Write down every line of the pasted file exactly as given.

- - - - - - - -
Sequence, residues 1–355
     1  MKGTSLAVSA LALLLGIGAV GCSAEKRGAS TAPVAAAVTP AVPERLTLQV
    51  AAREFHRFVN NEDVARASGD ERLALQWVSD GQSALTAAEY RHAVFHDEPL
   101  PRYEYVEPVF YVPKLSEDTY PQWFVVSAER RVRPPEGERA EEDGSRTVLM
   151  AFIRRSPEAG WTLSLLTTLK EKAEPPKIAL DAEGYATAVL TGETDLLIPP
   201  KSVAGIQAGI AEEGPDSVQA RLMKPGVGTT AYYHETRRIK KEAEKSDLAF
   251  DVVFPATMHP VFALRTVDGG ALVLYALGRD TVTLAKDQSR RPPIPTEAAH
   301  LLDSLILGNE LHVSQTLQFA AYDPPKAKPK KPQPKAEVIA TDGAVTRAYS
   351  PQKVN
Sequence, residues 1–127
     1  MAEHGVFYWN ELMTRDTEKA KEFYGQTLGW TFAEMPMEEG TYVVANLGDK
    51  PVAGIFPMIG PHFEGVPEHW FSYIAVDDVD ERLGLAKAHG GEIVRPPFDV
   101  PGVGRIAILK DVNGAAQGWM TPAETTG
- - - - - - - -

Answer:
Sequence, residues 1–355
     1  MKGTSLAVSA LALLLGIGAV GCSAEKRGAS TAPVAAAVTP AVPERLTLQV
    51  AAREFHRFVN NEDVARASGD ERLALQWVSD GQSALTAAEY RHAVFHDEPL
   101  PRYEYVEPVF YVPKLSEDTY PQWFVVSAER RVRPPEGERA EEDGSRTVLM
   151  AFIRRSPEAG WTLSLLTTLK EKAEPPKIAL DAEGYATAVL TGETDLLIPP
   201  KSVAGIQAGI AEEGPDSVQA RLMKPGVGTT AYYHETRRIK KEAEKSDLAF
   251  DVVFPATMHP VFALRTVDGG ALVLYALGRD TVTLAKDQSR RPPIPTEAAH
   301  LLDSLILGNE LHVSQTLQFA AYDPPKAKPK KPQPKAEVIA TDGAVTRAYS
   351  PQKVN
Sequence, residues 1–127
     1  MAEHGVFYWN ELMTRDTEKA KEFYGQTLGW TFAEMPMEEG TYVVANLGDK
    51  PVAGIFPMIG PHFEGVPEHW FSYIAVDDVD ERLGLAKAHG GEIVRPPFDV
   101  PGVGRIAILK DVNGAAQGWM TPAETTG